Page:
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Open AccessArticle

A Novel DES L115F Mutation Identified by Whole Exome Sequencing is Associated with Inherited Cardiac Conduction Disease

Cardiovascular Division, Department of Internal Medicine, Chang Gung Memorial Hospital, Chang Gung University College of Medicine, Tao-Yuan 33305, Taiwan
Graduate Institute of Clinical Medical Sciences, Chang Gung University, Tao-Yuan 33305, Taiwan
Author to whom correspondence should be addressed.
Int. J. Mol. Sci. 2019, 20(24), 6227;
Received: 21 November 2019 / Revised: 3 December 2019 / Accepted: 8 December 2019 / Published: 10 December 2019
(This article belongs to the Section Molecular Genetics and Genomics)
Inherited cardiac conduction disease (CCD) is rare; it is caused by a large number of mutations in genes encoding cardiac ion channels and cytoskeletal proteins. Recently, whole-exome sequencing has been successfully used to identify causal mutations for rare monogenic Mendelian diseases. We used trio-based whole-exome sequencing to study a Chinese family with multiple family members affected by CCD, and identified a heterozygous missense mutation (c.343C>T, p.Leu115Phe) in the desmin (DES) gene as the most likely candidate causal mutation for the development of CCD in this family. The mutation is novel and is predicted to affect the conformation of the coiled-coil rod domain of DES according to structural model prediction. Its pathogenicity in desmin protein aggregation was further confirmed by expressing the mutation, both in a cellular model and a CRISPR/CAS9 knock-in mouse model. In conclusion, our results suggest that whole-exome sequencing is a feasible approach to identify candidate genes underlying inherited conduction diseases. View Full-Text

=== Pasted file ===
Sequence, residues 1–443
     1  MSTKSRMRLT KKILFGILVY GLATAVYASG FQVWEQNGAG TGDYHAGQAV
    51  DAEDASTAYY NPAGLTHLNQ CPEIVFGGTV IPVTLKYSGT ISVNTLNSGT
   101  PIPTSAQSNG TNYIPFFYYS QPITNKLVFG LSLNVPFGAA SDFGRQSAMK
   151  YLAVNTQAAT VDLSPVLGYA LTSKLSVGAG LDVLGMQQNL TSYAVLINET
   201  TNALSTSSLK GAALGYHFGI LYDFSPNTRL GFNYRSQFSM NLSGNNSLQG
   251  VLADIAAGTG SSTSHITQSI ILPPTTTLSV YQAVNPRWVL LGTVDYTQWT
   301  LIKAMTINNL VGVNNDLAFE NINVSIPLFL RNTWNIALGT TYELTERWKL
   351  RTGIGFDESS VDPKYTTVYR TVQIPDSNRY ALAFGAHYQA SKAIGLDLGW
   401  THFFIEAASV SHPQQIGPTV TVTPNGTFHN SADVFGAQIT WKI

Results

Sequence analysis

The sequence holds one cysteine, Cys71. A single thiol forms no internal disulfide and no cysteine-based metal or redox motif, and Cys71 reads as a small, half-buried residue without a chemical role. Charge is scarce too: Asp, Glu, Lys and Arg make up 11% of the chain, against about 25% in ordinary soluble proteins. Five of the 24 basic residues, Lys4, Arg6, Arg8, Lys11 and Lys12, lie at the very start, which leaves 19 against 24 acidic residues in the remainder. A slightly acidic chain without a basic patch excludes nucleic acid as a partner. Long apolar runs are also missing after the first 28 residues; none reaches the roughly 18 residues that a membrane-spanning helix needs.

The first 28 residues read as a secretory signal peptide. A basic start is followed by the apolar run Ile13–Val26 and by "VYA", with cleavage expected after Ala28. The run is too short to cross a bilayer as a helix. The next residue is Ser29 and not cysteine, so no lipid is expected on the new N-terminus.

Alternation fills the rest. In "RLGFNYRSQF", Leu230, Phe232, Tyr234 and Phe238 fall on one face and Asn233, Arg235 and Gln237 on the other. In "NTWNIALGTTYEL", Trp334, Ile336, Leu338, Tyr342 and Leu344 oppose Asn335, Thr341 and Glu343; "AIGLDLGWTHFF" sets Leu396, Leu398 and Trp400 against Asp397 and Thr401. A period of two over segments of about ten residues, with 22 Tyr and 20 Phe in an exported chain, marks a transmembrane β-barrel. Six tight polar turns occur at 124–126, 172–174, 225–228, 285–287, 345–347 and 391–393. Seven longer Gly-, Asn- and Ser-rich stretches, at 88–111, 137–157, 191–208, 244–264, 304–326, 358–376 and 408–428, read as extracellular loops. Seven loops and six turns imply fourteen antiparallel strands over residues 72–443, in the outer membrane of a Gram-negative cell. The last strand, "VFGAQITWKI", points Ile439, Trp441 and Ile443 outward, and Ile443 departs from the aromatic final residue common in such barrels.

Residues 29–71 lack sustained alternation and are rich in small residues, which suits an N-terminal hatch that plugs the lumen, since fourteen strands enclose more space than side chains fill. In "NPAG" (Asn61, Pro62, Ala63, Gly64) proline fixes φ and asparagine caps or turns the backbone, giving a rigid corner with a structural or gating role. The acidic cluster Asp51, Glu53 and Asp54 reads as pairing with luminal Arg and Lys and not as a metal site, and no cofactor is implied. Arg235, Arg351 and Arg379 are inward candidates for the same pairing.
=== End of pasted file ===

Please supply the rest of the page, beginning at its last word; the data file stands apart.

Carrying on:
Keywords: cardiac conduction disease; exome sequencing; desmin cardiac conduction disease; exome sequencing; desmin
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Hsu, L.-A.; Ko, Y.-S.; Yeh, Y.-H.; Chang, C.-J.; Chan, Y.-H.; Kuo, C.-T.; Tsai, H.-Y.; Chang, G.-J. A Novel DES L115F Mutation Identified by Whole Exome Sequencing is Associated with Inherited Cardiac Conduction Disease. Int. J. Mol. Sci. 2019, 20, 6227.

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